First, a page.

DEADLINE: This is the third year of the Berlinale’s gender-neutral acting prizes. So far, only women have won the prizes. Has it worked out as you expected and do you still feel it was the right move?
RISSENBECK: We were the first festival to do this so it got a lot of attention, and then a number of other festivals took the same decision. I think it was the right move. As you said, so far, women have been the winners. This shows that there is no need to think that there has to be a separate competition between women and men when it comes down to acting. We both believe that this was absolutely right to do.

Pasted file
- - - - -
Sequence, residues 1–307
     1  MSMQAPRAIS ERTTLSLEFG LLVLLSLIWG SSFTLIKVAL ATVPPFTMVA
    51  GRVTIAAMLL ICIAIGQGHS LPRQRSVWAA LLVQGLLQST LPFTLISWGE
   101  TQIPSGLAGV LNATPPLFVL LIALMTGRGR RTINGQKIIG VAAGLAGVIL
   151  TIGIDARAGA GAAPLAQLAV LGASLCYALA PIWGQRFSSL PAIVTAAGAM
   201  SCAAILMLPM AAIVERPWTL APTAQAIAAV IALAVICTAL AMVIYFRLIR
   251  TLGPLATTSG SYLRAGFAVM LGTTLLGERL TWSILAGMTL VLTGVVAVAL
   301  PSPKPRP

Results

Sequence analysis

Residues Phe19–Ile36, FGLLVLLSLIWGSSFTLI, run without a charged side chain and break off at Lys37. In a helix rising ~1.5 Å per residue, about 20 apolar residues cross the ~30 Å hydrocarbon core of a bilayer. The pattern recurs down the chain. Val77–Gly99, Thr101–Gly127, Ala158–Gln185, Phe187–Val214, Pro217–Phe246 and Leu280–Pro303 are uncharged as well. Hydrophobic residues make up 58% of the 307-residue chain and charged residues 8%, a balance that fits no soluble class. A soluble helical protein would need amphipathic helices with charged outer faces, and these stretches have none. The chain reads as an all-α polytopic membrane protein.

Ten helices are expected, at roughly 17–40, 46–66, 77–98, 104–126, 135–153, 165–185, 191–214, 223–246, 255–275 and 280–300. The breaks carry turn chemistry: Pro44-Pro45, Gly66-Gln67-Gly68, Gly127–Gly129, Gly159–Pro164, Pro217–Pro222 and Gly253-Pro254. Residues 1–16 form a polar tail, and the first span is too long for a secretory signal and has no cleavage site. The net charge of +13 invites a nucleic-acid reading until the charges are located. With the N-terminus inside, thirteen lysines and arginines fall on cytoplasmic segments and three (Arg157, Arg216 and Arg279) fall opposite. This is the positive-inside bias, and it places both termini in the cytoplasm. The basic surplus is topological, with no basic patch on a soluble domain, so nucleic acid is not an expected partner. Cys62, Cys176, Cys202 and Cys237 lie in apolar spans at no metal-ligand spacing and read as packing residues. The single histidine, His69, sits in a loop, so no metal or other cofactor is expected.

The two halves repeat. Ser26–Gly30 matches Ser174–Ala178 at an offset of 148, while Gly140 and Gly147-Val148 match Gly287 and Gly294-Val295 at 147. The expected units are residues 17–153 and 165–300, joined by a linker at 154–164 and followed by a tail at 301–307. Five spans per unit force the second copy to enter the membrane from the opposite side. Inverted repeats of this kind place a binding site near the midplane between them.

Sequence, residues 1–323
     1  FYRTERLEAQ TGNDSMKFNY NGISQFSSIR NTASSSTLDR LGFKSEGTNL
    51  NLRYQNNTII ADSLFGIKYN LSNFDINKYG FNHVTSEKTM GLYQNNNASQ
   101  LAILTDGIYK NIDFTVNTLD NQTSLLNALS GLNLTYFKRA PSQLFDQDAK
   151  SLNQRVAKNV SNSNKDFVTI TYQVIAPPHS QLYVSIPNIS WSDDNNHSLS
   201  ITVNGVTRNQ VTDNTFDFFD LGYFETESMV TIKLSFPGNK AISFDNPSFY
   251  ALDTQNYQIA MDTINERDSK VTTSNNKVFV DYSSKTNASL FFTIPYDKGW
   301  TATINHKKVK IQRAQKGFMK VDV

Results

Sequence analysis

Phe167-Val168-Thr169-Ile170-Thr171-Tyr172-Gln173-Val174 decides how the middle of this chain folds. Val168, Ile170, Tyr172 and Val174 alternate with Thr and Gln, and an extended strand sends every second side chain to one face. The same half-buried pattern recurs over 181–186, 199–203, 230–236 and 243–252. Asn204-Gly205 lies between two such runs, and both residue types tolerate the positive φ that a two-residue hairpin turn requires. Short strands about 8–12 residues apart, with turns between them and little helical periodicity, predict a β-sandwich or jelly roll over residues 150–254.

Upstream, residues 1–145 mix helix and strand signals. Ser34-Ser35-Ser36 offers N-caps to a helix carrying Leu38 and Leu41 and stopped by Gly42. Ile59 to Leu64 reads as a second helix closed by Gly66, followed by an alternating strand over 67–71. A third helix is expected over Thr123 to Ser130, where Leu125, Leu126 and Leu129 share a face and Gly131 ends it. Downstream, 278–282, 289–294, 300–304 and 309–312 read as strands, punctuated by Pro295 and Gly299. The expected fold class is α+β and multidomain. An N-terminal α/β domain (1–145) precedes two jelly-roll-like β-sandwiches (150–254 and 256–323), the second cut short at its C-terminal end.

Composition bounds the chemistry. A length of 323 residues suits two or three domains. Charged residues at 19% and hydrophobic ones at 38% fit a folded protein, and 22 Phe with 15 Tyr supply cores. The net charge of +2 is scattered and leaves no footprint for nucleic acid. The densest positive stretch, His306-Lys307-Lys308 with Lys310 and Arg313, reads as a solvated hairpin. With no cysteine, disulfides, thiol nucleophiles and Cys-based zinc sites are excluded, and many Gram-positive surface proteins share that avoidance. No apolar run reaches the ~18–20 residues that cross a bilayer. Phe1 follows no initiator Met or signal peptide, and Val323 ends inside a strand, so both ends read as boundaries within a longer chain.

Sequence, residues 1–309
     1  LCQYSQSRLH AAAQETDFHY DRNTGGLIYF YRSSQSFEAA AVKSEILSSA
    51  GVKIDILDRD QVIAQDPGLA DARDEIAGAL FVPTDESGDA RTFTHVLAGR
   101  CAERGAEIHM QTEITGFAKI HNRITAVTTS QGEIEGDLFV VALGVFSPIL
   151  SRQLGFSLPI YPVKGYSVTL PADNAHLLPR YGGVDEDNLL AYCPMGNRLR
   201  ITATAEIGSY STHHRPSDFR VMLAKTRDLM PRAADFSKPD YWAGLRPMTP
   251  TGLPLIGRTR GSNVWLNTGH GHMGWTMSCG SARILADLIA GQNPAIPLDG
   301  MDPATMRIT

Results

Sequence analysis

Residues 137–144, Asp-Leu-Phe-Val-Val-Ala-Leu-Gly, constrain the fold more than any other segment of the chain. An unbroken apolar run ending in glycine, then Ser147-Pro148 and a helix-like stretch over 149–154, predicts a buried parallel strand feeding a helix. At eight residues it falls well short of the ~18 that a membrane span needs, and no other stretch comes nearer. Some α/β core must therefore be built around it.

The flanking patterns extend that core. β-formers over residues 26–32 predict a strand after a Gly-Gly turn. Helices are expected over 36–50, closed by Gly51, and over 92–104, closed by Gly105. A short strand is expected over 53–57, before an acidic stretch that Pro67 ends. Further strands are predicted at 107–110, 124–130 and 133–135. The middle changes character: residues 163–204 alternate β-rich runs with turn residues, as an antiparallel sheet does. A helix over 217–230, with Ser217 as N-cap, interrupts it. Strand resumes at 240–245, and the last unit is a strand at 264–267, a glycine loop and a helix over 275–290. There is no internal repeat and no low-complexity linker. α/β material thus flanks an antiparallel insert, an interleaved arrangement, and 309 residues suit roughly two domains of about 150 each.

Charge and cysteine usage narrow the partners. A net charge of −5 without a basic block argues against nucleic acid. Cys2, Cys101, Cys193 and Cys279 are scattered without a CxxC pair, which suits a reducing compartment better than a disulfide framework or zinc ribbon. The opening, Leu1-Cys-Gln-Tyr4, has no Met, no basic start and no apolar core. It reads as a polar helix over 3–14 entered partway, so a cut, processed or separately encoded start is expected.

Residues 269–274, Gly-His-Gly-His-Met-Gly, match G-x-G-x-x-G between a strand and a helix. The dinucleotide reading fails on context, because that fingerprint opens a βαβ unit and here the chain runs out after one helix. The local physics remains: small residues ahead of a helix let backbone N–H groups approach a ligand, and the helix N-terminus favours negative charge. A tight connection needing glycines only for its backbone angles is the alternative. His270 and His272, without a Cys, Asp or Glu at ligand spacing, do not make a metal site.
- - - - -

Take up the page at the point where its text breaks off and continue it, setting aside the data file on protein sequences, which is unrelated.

DEADLINE: So you haven’t had any pushback about the fact only women have won?
CHATRIAN: It’s only run during the 2021 and 2022 editions, so it’s a bit early to see a trend. We’ll see how things will go this year with a women president of the jury. But I’m sure that women will want the best actor to win. When Maria Eggert won for I’m You’re Man, everyone thought her performance was a great achievement. I am not concerned about it and others festivals, like San Sebastian and Locarno, have also followed suit. I think we are all going into that direction.
DEADLINE: Today’s announcement brings the total number of feature films announced so far to 293, are you planning any final additions, or is that it?
CHATRIAN: We are happy with this line-up. But you never know. There might be one or two new titles but there will not be a whole new batch of films.